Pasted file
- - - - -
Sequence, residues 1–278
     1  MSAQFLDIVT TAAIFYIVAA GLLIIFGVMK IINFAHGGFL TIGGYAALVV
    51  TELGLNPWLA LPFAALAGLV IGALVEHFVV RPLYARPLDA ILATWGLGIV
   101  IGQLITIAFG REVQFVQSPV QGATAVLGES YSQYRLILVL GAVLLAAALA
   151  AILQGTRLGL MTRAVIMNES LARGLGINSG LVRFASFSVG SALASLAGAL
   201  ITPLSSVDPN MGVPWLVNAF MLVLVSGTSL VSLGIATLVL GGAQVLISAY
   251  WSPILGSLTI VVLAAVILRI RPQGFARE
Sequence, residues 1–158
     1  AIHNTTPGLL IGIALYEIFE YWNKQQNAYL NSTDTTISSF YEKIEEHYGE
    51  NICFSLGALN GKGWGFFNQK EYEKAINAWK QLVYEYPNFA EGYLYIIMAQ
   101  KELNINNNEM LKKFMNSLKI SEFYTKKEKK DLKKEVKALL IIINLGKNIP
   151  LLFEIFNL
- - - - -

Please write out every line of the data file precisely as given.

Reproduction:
Sequence, residues 1–278
     1  MSAQFLDIVT TAAIFYIVAA GLLIIFGVMK IINFAHGGFL TIGGYAALVV
    51  TELGLNPWLA LPFAALAGLV IGALVEHFVV RPLYARPLDA ILATWGLGIV
   101  IGQLITIAFG REVQFVQSPV QGATAVLGES YSQYRLILVL GAVLLAAALA
   151  AILQGTRLGL MTRAVIMNES LARGLGINSG LVRFASFSVG SALASLAGAL
   201  ITPLSSVDPN MGVPWLVNAF MLVLVSGTSL VSLGIATLVL GGAQVLISAY
   251  WSPILGSLTI VVLAAVILRI RPQGFARE
Sequence, residues 1–158
     1  AIHNTTPGLL IGIALYEIFE YWNKQQNAYL NSTDTTISSF YEKIEEHYGE
    51  NICFSLGALN GKGWGFFNQK EYEKAINAWK QLVYEYPNFA EGYLYIIMAQ
   101  KELNINNNEM LKKFMNSLKI SEFYTKKEKK DLKKEVKALL IIINLGKNIP
   151  LLFEIFNL